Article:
With Ultimate Sacrifice, Dad Sends Daughter’s Soccer Team to Disney World

DALLAS, Texas.  When she was younger, 14 year-old Indira Singh was content to spend sunny afternoons indoors reading in the comfort of her parents’ air-conditioned home.  Then she saw the movie “Bend It Like Beckham,” about an Indian girl who falls in love with the game of soccer over the objections of her parents.

“It totally changed my life,” she says.  She began to play on Dallas-area youth teams, unhindered by parental interference that created the film’s dramatic tension.  “We want her to be with her friends, and have a normal American childhood,” says her father, Sareesh Singh.  “Except for the Hannah Montana booshwah.”

Indira’s ultimate destination is indeed a long way from Dallas.  Her team finished first in their Metro U-15 league and are on their way to a national tournament at Disney World–if they can come up with approximately $25,000 to cover airfare, hotels and meals for the girls while they stay at the Orlando, Florida resort.

At present, her team is nowhere near meeting that goal.  “We’re finding there’s a lot of ‘giving fatigue’ out there,” says Cindi Stephens, mother of Indira’s best friend Courtney.  “You know, an earthquake here, a tsunami there–people get tired of charities asking for handouts and just say ‘no’.”

So after the girls tried bake sales, car washes and other standard teen fund-raising techniques without much success, Sareesh Singh came up with an idea.  He will auction off the right to crush him beneath the Juggernaut, the manifestation of the Hindu god Vishnu as Krishna.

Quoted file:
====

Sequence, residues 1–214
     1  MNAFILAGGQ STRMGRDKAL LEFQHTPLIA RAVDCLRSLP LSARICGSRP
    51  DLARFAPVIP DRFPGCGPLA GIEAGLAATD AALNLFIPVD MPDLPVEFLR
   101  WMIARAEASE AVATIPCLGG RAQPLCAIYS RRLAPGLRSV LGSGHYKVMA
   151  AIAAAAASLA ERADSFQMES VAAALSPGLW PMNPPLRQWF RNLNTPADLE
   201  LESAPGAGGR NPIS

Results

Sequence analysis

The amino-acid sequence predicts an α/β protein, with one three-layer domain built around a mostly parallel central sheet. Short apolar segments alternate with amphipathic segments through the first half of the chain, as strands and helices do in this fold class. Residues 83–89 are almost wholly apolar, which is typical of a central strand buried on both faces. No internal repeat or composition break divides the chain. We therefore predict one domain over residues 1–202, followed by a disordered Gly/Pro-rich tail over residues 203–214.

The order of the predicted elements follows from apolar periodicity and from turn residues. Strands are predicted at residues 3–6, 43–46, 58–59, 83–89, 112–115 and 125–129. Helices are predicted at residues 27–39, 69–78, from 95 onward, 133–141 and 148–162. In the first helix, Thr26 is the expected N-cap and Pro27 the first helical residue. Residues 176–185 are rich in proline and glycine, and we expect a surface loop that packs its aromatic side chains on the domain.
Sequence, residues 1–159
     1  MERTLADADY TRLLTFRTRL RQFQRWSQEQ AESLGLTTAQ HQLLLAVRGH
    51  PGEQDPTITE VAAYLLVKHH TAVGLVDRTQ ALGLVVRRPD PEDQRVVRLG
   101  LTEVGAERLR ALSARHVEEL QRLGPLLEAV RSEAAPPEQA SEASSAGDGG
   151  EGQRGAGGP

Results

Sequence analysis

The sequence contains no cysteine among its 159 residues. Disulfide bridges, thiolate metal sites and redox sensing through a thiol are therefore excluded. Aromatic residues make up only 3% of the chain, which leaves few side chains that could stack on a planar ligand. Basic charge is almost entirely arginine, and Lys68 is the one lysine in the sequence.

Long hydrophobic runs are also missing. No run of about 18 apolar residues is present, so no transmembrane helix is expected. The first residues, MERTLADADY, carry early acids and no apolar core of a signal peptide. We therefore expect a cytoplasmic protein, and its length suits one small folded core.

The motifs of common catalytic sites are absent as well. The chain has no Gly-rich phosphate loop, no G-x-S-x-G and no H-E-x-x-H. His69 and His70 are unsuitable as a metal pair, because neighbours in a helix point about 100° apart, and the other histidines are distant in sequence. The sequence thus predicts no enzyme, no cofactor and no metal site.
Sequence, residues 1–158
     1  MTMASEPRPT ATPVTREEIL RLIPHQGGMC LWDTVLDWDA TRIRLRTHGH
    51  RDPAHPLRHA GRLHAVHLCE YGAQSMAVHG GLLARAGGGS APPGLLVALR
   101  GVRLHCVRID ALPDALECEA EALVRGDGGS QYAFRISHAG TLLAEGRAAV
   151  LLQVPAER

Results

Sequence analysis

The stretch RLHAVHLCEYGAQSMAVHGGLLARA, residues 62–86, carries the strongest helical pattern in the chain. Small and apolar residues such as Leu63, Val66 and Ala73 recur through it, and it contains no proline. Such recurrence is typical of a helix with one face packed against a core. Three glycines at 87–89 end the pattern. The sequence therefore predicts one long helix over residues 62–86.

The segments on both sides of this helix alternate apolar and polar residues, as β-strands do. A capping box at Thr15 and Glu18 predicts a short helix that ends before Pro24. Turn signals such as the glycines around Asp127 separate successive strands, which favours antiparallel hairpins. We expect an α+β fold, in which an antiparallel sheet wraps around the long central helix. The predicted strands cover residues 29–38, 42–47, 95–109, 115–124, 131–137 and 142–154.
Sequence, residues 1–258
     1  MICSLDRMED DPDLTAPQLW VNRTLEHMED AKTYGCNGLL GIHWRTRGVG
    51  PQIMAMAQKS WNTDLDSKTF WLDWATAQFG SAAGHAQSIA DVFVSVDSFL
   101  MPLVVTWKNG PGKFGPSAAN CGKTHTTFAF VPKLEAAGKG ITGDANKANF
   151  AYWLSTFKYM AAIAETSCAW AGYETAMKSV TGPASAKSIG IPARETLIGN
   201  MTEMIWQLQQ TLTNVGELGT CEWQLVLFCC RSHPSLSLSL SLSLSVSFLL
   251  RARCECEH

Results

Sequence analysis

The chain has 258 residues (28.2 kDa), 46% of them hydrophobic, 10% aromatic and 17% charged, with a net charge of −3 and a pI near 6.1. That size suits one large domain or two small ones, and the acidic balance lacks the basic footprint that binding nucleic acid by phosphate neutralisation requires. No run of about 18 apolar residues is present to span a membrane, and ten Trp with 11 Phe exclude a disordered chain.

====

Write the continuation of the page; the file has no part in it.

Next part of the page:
The ceremonial rath of Lord Jagannath which was flagged off by Haryana Chief Minister Bhupinder Singh Hooda in Ludhiana on Saturday

“I think if you offer people in the Dallas area something different from a raffle or a walk-a-thon perhaps we will have better luck,” says Singh, a wiry 52 year-old who works at Dell Computers.

The Juggernaut shrine is traditionally placed on a moving platform called a “ratha” which is pulled by hand as part of a Hindu festival.  The rathas are so large that over 4,000 men are required to move them, and it is considered an act of piety to throw one’s self beneath their wheels.  Because the Hindi population of Dallas is small, the winning bidder will be permitted to power the ratha with an SUV.

“If you don’t want your car washed, we’ve got something better!”

Mr. Singh, like many Hindus, believes his sacrifice will guarantee him a place in heaven.  “I am sure that this sacrifice will bring me my eternal reward,” he says.  “If not, I will remind Vishnu that I did it for my little girl’s soccer team.”

Singh is right about one thing; the unusual nature of his donation is drawing interest that extends beyond the immediate circle of the girls’ parents and relatives.  Joe Don Mooney, a successful Dallas-area real estate broker, says he will open with a bid of $15,000 for the right to push the ratha with his Chevrolet Tahoe SUV, and is prepared to go higher.

“It sounds like a fun thing to do and it’s for a good cause,” Mooney says, “plus its tremendous publicity.  If I win, I’m gonna put ‘Joe Don Mooney Real Estate’ right on the front of that big ratha, just like a NASCAR driver with a ‘Home Depot’  decal on his hood.”